-Does culture play a vital role in your decision in wearing masks?
-How much is the COVID-19 outbreak affecting your decision now?
BEIJING, March 19 (Xinhua) -- Face masks were a common sight across East Asia, but were shunned in the West. Experts say culture plays a significant role in people's decision in wearing masks.
However, with the global spread of COVID-19, how much is the epidemic affecting your decision now?
FAVORED IN THE EAST, BIASED IN THE WEST
To wear, or not to wear? It seems to depend mostly on where you come from. In many parts of Asia, face masks are commonplace as people use it to protect from air pollution, bacteria and viruses, or to cover facial imperfections.
Pedestrians wearing masks walk under flowering cherry trees in Tokyo, Japan, March 5, 2020. (Xinhua/Du Xiaoyi)
In Japan, it's impolite for women not to wear any makeup when going outside. So masks serve as a quick cover-up.
But in many Western countries, wearing face masks may draw you unwanted attention or even invite stigma and racist attacks. For example, a Chinese student from Britain's University of Sheffield was verbally and physically harassed in January for wearing a mask, and an Asian woman in face mask was assaulted and called "diseased" in a subway station in New York in February.
Those incidents show a fundamental difference in how masks are viewed in the West versus Asia.
Screenshot of Xinhua's Twitter poll on March 18, 2020.
According to a Twitter poll conducted by Xinhua on its official account, 21.5 percent of the 1019 respondents think people wearing masks before COVID-19 were disease carriers, 65.8 percent believe they used it to protect from pollution.
Many people commented that "culture matters" in their decision in wearing masks. As it's culturally unacceptable, many people of Asian descent ditch their habit of wearing masks under social pressure.
COMMON ENEMY, COLLECTIVE RESPONSIBILITY
With COVID-19 reaching over 218,000 people and spanning 158 countries and regions, according to the latest statistics from the Center for Systems Science and Engineering at Johns Hopkins University, the global community is facing an escalating challenge from the disease.
A man wearing a protective mask passes by the Arc de Triomphe on the Champs Elysees in Paris, France, March 15, 2020. (Photo by Aurelien Morissard/Xinhua)
According to a recent Facebook poll on how COVID-19 is affecting your decision in wearing masks conducted by Xinhua, most people think it's not only about culture, but our collective responsibility.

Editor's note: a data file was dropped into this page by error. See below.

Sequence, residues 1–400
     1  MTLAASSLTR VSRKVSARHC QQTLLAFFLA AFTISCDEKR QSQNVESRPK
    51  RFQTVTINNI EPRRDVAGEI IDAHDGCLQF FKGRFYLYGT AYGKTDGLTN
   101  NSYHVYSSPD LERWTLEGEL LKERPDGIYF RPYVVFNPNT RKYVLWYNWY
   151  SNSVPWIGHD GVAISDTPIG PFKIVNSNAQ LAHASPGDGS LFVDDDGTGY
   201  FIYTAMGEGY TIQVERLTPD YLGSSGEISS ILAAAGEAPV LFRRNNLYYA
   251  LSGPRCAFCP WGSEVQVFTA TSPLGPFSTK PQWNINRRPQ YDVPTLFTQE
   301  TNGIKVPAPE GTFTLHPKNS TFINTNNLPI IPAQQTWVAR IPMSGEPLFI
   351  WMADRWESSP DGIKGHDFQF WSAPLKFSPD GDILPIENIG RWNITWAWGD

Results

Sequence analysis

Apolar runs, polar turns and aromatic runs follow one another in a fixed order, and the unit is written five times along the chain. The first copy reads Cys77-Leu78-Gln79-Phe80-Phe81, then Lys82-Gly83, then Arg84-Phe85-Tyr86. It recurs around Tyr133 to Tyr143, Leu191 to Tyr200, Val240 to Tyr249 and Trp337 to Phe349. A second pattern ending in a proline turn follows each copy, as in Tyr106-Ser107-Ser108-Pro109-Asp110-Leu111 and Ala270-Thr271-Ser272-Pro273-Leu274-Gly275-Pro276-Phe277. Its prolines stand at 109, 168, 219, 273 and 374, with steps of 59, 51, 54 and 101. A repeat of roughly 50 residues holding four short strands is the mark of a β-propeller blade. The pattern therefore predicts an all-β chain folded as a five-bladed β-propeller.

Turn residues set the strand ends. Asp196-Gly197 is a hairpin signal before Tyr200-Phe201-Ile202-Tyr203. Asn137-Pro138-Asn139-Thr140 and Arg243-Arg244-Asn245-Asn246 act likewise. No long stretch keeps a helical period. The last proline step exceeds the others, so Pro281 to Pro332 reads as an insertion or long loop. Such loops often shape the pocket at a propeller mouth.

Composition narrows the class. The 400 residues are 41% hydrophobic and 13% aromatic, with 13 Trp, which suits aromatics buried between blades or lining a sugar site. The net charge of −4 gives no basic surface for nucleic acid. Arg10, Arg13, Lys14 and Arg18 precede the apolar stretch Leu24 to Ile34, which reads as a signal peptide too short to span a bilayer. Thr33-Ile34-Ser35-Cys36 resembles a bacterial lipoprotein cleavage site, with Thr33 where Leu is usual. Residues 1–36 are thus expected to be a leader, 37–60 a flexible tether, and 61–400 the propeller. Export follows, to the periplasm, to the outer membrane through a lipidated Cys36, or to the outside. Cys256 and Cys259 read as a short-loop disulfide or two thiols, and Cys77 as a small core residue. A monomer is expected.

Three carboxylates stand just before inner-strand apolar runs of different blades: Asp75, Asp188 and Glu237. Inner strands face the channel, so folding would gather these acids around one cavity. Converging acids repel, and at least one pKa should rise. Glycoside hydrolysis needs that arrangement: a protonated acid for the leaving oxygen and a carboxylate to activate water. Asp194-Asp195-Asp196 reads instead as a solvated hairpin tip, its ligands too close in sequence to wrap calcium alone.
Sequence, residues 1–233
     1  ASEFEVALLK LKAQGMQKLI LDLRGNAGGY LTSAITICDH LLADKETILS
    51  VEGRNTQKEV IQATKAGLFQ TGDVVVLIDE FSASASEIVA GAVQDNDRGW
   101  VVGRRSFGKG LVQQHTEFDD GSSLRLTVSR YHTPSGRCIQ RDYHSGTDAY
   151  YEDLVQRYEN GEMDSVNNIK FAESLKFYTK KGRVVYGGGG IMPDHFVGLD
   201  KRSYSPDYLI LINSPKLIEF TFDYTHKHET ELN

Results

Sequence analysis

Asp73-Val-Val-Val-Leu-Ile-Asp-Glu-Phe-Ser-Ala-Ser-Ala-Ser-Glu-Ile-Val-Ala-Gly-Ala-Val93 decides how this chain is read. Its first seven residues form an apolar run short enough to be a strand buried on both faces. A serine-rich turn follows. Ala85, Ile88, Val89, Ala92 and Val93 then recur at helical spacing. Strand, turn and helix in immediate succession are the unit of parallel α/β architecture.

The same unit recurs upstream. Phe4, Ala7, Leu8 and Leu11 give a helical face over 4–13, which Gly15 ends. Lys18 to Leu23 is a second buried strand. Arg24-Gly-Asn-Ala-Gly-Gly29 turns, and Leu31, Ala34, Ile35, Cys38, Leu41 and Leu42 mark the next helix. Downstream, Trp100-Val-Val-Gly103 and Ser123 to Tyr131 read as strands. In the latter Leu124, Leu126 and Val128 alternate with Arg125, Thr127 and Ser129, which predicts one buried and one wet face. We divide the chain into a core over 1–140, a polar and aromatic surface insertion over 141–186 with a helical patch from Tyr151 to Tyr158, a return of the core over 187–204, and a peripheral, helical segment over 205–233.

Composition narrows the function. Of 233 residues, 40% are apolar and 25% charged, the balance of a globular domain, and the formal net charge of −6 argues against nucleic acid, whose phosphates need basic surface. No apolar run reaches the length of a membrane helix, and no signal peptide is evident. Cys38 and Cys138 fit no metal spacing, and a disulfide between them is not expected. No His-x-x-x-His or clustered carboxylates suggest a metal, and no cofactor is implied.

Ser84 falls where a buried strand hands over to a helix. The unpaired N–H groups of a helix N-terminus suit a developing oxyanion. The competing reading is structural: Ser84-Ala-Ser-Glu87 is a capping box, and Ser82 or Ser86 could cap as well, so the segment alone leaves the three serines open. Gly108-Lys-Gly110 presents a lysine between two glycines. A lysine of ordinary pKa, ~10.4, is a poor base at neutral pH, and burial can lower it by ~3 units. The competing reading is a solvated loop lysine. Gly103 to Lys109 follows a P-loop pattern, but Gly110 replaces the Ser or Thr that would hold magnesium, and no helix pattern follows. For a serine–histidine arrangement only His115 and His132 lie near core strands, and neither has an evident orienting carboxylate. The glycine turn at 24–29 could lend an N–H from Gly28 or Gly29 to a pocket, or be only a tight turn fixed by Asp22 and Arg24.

"Wearing masks, it's not about culture, it's all about protecting yourself, your loved ones and others too if you are sick," commented a netizen named Albert Joseph Rapiscal Radoc.
But a shortage of face masks and medical supplies prevented those in the West who have already realized the importance of it from wearing one.
"I have been looking for masks for more than a month now, living next to Lombardy (in Italy), but the problem is that authorities didn't organize well and you can't find any more masks in pharmacies," commented Ric Prim.
"It's better to wear them now than sorry later," said Cyril Moras.
Actually, health experts have mixed ideas on the efficacy of face masks to prevent the coronavirus which is generally spread through respiratory droplets from the nose or mouth of a person with COVID-19 when he coughs or exhales.
Screenshot of U.S. Surgeon General Jerome Adams's Twitter post.
Some argue handwashing is more important, while others say masks can help stop transmission of people who have shown symptoms.
U.S. Surgeon General Jerome Adams urged the Americans to stop buying masks, as it could limit stocks for health care workers.
"They are NOT effective in preventing general public from catching #Coronavirus, but if healthcare providers can't get them to care for sick patients, it puts them and our communities at risk," wrote Adams on Twitter.
In China, where COVID-19 cases are drastically going down and businesses are gradually resuming operations, the wearing of masks has long been made compulsory in public places, while most Western countries just advise people to do so and many people still choose not to wear it when going out.
Anyway, to wear, or not to wear, it's a deep-rooted cultural thing and a global pandemic may change it for now, will it after? ■